Parents turn off the lights, check under the bed and in the closet, see no monsters, say good night, turn on the night light and crack the bedroom door open just a peek. But as we get older, this regimen doesn’t ward off what lies beneath. The items in the bedroom become warped in the dark and nightmares only make it worse. Why do we have nightmares and what are they supposed to mean? Scientists find differing theories on the subject and studies continue.
Nightmares are vivid recreations of fears from a monster lurking in the shadows who eats children to an unsettling clown doll that will try to pull children under the bed. Of course, children conquer their fears as they grow up, but fears of the horror genre are not the only fuel to nightmares. People with post-traumatic stress disorder –PTSD—may have continual nightmares of one event, tormenting them.
What are nightmares?
An issue with interpreting dreams and nightmares are there is no sound scientific practice agreed on. Associate Professor of Neurology at Boston University School of Medicine, Patrick McNamara, Ph.D., writes “There is no scientifically supported system of dream interpretation.” McNamara goes into details about most dream interpretation sites using generic explanations to cover basic dreams. For example, a dream in which one is chased by a monster or villain could mean one is running away from bad memories or feelings.
“In short, what the dream interpretation websites offer up for dream interpretation systems is mere metaphor mongering.” This does not mean that explaining dreams to a therapist is a terrible idea, rather there is not always going to be an exact answer to a dream.
On psychcentral.com, they describe nightmares as, “Alarms triggered by something inside of you that needs attention.” Psychcentral also agrees with McNamara and adds, “Correctly identifying the emotions underlying your dreams is a must if you wish to understand the meaning of your nightmares, address those issues and resolve them.” Each nightmare is unique to the individual and a therapist can help the individual interpret the nightmare, offering insight. A therapist cannot offer all the answers to a nightmare.
PTSD and nightmares
PTSD can form when someone goes through a traumatic or life-threatening experience. A person with PTSD will experience or witness a traumatic event and find it difficult to recover from the event afterwards. A normal day will include with flashbacks of the traumatic event, anxiety, tension, worry, guilt or sadness. Someone with PTSD will avoid the location or similar situation of the accident as much as possible and fight with loved.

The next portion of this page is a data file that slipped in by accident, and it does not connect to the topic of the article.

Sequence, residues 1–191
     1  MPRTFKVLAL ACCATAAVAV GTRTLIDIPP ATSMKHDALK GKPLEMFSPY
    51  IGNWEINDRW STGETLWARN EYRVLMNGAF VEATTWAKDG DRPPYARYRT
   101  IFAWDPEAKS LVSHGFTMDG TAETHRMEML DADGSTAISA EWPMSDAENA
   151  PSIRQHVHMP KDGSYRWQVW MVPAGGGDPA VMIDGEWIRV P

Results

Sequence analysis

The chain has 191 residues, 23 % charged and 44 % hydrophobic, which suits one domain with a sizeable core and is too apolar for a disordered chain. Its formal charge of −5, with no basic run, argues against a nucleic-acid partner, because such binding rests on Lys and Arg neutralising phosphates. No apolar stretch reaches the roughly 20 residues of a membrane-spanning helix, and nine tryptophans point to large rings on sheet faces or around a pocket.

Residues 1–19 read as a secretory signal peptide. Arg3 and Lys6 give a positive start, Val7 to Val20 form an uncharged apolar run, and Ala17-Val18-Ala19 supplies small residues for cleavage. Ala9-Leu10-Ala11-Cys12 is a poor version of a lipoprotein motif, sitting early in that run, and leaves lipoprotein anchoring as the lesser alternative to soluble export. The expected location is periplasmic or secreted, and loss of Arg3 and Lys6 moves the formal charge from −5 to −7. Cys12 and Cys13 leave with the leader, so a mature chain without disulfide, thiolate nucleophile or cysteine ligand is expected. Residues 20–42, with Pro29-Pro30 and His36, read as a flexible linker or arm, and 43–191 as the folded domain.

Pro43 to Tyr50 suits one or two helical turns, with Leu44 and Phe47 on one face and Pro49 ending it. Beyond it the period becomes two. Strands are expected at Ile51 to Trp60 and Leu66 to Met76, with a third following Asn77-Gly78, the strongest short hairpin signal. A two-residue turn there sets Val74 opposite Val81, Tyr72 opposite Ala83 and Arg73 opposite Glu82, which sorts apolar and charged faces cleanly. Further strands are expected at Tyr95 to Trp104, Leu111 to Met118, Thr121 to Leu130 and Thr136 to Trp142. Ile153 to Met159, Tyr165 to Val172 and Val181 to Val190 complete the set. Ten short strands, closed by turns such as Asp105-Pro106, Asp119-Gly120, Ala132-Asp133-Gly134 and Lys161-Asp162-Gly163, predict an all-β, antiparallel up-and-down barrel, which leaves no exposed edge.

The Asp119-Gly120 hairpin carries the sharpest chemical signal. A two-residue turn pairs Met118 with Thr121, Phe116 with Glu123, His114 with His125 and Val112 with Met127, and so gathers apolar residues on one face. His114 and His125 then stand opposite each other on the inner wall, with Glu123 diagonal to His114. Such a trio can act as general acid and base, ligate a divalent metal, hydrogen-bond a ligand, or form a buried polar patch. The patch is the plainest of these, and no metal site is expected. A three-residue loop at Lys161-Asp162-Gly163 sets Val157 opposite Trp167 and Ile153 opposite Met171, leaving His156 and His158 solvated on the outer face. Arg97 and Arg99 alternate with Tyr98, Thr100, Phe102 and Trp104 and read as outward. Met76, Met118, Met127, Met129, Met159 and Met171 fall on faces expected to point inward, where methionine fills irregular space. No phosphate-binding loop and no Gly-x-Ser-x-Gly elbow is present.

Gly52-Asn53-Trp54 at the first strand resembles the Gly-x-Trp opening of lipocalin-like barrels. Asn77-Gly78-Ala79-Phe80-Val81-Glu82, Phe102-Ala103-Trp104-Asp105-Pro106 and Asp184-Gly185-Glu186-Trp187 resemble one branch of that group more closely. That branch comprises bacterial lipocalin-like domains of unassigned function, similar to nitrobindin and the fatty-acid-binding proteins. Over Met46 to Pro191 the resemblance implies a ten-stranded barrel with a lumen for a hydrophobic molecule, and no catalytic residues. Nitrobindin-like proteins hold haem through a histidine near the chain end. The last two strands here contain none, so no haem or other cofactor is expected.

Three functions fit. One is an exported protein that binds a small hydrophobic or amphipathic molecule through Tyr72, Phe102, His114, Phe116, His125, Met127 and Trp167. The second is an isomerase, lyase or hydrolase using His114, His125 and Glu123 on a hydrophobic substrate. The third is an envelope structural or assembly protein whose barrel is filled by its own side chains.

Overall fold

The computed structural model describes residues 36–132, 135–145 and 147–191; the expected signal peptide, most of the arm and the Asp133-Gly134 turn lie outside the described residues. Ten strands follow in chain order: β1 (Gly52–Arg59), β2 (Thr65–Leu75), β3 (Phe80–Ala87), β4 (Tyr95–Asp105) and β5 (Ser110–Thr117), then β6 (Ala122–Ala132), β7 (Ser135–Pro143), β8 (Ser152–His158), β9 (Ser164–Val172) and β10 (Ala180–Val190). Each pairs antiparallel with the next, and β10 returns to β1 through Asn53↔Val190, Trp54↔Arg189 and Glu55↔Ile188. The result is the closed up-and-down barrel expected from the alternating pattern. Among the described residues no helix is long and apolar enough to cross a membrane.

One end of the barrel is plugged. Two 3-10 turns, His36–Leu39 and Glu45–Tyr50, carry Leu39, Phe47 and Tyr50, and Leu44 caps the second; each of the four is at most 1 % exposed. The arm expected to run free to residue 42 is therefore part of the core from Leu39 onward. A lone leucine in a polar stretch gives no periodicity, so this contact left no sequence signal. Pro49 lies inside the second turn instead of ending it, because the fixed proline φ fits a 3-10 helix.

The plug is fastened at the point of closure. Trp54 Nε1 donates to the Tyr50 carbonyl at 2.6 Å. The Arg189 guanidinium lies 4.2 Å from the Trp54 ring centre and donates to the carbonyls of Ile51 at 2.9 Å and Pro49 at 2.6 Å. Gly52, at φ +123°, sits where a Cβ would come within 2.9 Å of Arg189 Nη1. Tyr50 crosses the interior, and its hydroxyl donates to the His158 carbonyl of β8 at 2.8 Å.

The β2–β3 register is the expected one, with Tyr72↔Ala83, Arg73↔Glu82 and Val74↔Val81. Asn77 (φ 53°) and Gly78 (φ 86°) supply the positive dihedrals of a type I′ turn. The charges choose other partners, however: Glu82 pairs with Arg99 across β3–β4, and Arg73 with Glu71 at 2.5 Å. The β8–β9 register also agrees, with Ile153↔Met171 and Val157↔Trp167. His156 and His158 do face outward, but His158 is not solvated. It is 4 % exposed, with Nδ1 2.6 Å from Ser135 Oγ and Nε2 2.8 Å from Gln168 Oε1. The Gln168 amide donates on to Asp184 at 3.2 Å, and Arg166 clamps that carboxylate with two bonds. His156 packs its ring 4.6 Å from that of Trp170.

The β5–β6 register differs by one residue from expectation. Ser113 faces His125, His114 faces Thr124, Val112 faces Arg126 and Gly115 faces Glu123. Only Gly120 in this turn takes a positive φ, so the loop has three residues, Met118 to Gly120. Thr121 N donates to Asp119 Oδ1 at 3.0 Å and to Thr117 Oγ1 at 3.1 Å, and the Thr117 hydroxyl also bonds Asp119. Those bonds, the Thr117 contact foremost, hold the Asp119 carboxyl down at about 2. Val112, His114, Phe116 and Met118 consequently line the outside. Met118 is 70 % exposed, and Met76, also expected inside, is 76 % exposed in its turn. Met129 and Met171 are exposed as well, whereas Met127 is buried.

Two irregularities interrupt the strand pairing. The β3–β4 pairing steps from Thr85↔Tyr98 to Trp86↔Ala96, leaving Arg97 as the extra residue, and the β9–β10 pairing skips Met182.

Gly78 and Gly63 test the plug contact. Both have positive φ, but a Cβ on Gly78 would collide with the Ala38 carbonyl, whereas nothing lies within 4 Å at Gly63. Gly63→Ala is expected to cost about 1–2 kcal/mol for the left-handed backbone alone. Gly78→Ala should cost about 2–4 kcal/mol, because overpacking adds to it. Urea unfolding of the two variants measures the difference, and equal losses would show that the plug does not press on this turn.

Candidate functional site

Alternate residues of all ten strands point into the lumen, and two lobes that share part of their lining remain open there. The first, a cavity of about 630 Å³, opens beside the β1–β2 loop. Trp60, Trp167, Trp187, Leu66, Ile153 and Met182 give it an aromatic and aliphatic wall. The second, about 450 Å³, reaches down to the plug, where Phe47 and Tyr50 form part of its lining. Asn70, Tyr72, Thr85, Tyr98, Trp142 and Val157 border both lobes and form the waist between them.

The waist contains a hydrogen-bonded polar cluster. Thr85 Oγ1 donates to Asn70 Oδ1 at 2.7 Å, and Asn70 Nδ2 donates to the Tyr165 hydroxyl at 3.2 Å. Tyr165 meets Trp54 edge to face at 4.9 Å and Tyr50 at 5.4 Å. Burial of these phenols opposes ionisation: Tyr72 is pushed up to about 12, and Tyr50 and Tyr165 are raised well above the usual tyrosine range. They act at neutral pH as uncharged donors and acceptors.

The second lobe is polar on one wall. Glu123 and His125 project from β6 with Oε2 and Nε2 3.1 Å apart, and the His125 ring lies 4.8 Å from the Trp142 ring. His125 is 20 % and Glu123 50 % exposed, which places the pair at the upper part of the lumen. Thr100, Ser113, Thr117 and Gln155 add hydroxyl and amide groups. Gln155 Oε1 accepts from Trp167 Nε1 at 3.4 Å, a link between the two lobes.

The nightmares for PTSD patients focus more around the event and the feelings associated with it, as opposed to common nightmares or bad dreams. The National Institute on Mental Health –NIMH– notes that bad dreams and nightmares of the traumatic event are common for patients with PTSD. If nightmares of a traumatic event continue, it may be wise to seek a therapist or PTSD specialist. NIMH says, “PTSD can be treated. A doctor or mental health professional who has experience in treating people with PTSD can help you. Treatment may include “talk” therapy, medication, or both.”
What you can do
Therapy has less of a taboo now, than it did years ago and people are still hesitant to look into it. With the sources listed above, therapy was a strong recommendation for nightmares and traumatic events. By talking to someone and expressing the emotions and pain, people can find healing and answers together.
Another option to help interpret dreams is to keep a dream journal. Psychcentral.com describes how keeping a journal by the bedside and filling it in with each dream will help keep track. Once dreams have been recorded, the common trends or emotions may present themselves.
To let the emotions and pain of a nightmare or traumatic event tear yourself up inside will ruin your life. If you or a loved one exhibits the signs or symptoms of PTSD or another mental illness and wish to seek treatment, please do not hesitate to call 855-559-3923.